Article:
GNU R can be run on the Linux operating system in a number of ways. In this article we will describe running R from the command line, in an application window, in a batch mode and from a bash script. You will see that these various options for running R in Linux will suit a specific task. Some of them are more suitable for simple statistical analysis that can be done in one line of code, others for more sophisticated programs that require executions of a larger number of R expressions. Finally, we may want to run a program that will take a day or two to run on a Linux cluster. In this case we will run R in a background, which allows us for logging out from the cluster.

Running R from the Linux command line

Probably, the simplest way to run R under Linux is to run it from the Linux command line. That is,

$ R

As a result of this command the following appears:

R version 2.15.1 (2012-06-22) -- "Roasted Marshmallows"
Copyright (C) 2012 The R Foundation for Statistical Computing
ISBN 3-900051-07-0
Platform: x86_64-pc-linux-gnu (64-bit) R is free software and comes with ABSOLUTELY NO WARRANTY.
You are welcome to redistribute it under certain conditions.
Type 'license()' or 'licence()' for distribution details.

Natural language support but running in an English locale

R is a collaborative project with many contributors.
Type 'contributors()' for more information and
'citation()' on how to cite R or R packages in publications.

Type 'demo()' for some demos, 'help()' for on-line help, or
'help.start()' for an HTML browser interface to help.
Type 'q()' to quit R.



This article will deal mainly with the installation of R on Linux, but also will provide a simple example on how to use R for plotting. This is the first article of the series of R articles so subscribe to our RSS feed for regular updates. Everyone, who is interested in using R for their work or is simply interested in this software is invited to follow this series of articles. The main objective of these articles is to provide a quick reference to R with illustrative examples.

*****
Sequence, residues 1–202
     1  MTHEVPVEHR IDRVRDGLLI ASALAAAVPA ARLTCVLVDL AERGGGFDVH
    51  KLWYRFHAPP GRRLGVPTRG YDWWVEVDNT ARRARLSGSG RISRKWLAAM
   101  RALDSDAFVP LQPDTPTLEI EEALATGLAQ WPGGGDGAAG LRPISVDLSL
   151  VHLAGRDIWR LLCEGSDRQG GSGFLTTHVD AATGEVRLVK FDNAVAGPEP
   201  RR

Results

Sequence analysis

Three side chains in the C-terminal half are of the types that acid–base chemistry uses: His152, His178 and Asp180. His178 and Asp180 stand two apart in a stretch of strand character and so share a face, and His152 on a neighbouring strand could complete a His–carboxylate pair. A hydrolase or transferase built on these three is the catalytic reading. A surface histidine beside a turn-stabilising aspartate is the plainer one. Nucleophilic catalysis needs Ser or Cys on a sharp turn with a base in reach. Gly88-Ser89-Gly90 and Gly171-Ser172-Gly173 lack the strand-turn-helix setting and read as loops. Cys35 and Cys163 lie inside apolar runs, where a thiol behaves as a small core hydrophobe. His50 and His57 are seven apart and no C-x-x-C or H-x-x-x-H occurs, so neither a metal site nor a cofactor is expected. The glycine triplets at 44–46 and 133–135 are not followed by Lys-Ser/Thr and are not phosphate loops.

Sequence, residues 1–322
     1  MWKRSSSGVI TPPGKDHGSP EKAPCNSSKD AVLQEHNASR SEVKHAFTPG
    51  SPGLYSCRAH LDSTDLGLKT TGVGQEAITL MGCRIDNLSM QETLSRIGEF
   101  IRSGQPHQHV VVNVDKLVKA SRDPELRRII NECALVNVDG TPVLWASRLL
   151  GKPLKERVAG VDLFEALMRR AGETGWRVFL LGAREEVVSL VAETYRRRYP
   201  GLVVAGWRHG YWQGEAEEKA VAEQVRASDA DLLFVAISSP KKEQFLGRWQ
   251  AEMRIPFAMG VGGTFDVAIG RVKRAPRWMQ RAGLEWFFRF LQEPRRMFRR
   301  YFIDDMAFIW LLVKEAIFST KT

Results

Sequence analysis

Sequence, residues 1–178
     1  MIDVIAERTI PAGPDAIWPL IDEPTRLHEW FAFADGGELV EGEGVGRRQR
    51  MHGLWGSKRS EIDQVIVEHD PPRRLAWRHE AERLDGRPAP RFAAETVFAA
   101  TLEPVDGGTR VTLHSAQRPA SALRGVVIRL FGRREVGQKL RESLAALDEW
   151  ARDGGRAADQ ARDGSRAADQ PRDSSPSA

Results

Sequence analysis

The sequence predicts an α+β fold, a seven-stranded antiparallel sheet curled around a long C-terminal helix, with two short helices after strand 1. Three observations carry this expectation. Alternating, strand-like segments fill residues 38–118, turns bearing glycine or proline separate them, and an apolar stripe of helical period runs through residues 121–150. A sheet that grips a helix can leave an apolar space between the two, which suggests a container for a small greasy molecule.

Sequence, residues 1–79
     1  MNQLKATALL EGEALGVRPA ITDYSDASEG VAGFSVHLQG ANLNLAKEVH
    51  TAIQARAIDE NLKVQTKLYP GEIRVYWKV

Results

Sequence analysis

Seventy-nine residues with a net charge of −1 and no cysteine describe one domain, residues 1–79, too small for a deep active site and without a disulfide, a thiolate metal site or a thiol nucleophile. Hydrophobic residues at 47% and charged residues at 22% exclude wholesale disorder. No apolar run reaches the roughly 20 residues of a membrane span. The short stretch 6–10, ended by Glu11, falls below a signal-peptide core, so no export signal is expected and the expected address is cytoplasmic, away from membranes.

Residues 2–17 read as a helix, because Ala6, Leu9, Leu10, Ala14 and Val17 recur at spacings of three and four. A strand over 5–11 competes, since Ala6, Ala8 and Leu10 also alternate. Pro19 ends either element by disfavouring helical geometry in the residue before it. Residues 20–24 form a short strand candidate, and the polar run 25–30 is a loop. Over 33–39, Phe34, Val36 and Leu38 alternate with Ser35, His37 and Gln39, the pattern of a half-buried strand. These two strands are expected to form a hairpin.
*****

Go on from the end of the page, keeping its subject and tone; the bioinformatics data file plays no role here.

What is GNU R?

R is an open source programming language (software package) and environment used mainly for statistical data analysis. It is licensed under the GNU General Public License (GPL). R is a very intuitive programming language. You can do in a few lines of R code a lot, mainly because there is a large number of packages available for R, which means a large number of preprogrammed functions for you to use. You can get R packages through Comprehensive R Archive Network (CRAN).

R's strengths are: graphical visualization of data such as plots, data analysis, statistical data fits.

R's weaknesses are: complex structured data storage, querying data, dealing with large data sets, which do not fit in the computer's memory.

Installing GNU R on Linux/Unix.

Package Management System

Debian / Ubuntu / Mint

On Debian like Linux systems such as Debian, Ubuntu or Linux Mint you can install R from standard repositories. This is a preferred way of getting R installed on your system. The command bellow will download and install R along with all its prerequisites:

$ sudo apt-get install r-base